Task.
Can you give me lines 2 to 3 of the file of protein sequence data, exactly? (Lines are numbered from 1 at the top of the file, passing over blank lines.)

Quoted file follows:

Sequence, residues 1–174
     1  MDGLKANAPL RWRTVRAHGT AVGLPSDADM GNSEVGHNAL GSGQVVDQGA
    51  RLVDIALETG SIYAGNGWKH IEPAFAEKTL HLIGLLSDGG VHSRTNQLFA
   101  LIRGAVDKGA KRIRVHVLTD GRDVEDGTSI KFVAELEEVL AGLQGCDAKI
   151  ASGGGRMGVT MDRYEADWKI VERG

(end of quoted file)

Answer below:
     1  MDGLKANAPL RWRTVRAHGT AVGLPSDADM GNSEVGHNAL GSGQVVDQGA
    51  RLVDIALETG SIYAGNGWKH IEPAFAEKTL HLIGLLSDGG VHSRTNQLFA